Gujarat’s industrial clusters are losing order volumes and revenues to falling demand. As orders dwindle, operating margins are shrinking.A trifecta of headwinds — high domestic cotton prices, dwindling exports and grossly underutilized capacities — has eroded the profitability of cotton yarn makers. Yarn makers’ operating margins declined to 12 per cent or 14 per cent in the last fiscal compared to their decadal high of 20 per cent.
Spinning units face losses
Spinning units in Gujarat have 50 lakh spindles of installed capacity. But capacity utilization has dropped to about 50 per cent at most spinning units. Spinners are unable to command better prices as industrial demand from Europe and Bangladesh has been hit due to the war situation and energy crisis. Moreover, with the price of foreign cotton lower than that of Indian cotton, yarn makers are operating at a net loss.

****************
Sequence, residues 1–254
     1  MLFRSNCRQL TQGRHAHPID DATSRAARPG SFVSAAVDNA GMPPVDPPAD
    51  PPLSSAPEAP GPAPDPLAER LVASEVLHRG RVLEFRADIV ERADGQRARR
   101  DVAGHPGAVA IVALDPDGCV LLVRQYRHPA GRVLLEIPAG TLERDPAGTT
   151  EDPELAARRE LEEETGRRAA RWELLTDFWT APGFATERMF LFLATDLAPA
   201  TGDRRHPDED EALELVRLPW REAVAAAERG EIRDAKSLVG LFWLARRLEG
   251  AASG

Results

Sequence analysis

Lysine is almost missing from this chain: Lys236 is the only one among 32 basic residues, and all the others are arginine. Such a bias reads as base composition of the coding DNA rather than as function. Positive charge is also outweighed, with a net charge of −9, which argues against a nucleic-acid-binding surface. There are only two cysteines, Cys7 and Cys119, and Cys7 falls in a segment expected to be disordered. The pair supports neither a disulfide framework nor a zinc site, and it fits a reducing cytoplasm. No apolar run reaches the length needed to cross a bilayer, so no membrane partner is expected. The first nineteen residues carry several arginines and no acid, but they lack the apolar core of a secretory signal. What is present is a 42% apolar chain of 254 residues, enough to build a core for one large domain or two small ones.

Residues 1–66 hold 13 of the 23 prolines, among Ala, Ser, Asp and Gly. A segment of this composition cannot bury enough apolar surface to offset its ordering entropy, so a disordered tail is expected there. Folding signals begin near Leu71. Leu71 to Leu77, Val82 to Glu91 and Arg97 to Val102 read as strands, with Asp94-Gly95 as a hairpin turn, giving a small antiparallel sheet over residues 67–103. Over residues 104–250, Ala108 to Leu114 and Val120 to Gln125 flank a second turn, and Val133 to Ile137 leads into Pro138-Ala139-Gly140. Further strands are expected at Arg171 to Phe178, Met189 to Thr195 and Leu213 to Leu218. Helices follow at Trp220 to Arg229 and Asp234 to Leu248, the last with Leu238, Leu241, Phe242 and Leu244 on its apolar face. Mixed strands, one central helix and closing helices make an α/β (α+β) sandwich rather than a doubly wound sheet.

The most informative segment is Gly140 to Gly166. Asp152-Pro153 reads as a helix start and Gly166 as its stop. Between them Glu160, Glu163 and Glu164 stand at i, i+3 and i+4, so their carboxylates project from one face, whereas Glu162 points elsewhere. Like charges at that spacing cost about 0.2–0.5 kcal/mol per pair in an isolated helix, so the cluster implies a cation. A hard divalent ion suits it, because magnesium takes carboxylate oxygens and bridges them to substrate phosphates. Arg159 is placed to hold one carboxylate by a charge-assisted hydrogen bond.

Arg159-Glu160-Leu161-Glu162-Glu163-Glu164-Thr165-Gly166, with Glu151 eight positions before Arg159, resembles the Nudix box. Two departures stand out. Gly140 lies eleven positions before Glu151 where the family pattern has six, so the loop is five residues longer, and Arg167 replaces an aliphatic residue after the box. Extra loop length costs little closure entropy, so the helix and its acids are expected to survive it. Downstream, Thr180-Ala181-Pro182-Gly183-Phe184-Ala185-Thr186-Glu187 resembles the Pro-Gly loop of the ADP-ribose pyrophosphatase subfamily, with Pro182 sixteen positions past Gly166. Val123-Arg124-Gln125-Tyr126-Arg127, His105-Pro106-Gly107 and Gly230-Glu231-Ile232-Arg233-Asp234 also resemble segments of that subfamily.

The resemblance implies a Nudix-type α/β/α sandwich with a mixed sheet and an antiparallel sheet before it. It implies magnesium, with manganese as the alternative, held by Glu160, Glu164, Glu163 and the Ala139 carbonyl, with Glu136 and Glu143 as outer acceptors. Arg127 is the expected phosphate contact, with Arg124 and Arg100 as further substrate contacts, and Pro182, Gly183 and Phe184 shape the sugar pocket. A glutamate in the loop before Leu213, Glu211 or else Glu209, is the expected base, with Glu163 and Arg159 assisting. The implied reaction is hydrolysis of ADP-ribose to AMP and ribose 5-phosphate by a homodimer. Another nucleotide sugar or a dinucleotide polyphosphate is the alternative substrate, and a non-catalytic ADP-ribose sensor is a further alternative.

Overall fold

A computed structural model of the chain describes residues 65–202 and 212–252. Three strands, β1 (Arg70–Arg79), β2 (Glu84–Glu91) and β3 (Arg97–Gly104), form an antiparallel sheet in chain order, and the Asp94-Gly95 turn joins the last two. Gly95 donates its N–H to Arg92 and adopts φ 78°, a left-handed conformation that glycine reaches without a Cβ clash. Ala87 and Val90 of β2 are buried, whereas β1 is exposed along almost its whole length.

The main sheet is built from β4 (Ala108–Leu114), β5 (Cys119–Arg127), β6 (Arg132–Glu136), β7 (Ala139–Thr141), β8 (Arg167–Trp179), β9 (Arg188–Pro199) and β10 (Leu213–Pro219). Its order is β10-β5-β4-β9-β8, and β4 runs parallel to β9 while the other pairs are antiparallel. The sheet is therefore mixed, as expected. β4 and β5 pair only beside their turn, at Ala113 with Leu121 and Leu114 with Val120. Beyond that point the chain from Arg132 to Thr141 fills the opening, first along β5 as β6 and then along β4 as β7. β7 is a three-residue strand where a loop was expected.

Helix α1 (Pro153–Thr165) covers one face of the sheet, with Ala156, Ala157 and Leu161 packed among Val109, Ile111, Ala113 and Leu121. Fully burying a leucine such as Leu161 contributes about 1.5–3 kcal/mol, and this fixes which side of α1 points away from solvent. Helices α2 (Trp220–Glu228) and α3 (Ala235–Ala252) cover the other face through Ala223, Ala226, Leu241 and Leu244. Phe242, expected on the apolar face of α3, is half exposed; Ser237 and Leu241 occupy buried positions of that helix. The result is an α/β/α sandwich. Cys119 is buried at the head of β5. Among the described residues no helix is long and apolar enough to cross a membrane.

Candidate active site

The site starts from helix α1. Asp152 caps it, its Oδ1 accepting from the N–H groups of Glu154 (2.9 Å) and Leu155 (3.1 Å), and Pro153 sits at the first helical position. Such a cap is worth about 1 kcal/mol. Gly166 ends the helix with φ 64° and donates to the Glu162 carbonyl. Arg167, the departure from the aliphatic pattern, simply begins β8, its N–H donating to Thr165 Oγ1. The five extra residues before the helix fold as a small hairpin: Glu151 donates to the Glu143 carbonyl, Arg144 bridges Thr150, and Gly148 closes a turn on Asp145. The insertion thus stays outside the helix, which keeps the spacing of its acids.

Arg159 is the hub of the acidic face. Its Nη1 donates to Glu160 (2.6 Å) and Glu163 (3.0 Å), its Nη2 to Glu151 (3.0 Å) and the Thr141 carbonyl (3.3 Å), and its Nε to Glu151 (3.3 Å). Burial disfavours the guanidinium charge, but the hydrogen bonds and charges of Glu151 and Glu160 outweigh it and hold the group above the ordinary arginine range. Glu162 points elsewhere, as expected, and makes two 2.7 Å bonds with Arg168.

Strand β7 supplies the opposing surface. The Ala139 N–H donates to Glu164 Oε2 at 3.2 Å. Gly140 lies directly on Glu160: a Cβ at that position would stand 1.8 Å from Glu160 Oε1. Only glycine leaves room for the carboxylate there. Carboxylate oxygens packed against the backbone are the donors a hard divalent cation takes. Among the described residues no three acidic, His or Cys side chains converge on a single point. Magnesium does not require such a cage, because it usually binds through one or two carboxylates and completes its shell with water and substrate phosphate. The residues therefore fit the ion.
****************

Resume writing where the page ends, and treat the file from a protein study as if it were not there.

Falling demand from Europe
Textile giants in Gujarat have been losing export revenue since the second quarter as demand from Europe has shrunk and inventories remain piled up. Several textile processors are yet to resume factory operations after the Diwali break. The export business isn’t doing as well, especially the European and North American markets. This has hurt capacity utilization in the textile industry.
Exporters have been badly affected overall because of high cotton prices. Global cotton prices fell by 17 per cent between April and August this year in anticipation of higher output, while domestic prices rose by two per cent because of limited supply. Expensive domestic cotton has eroded India’s competitiveness, leading to a loss of export market share to China and Bangladesh.
Demand for dyes declines
When dyes and intermediates manufacturers in Gujarat had barely begun inching out of the effect of Covid, the Russia Ukraine war has hurt their growth. With exports of dyes and intermediates down by 50 per cent, manufacturers have seen a major fall in revenue. High inflation, rising energy costs and high interest rates have derailed industrial production in many parts of Europe. With consumer spending and textile demand down, the demand for dyes has declined.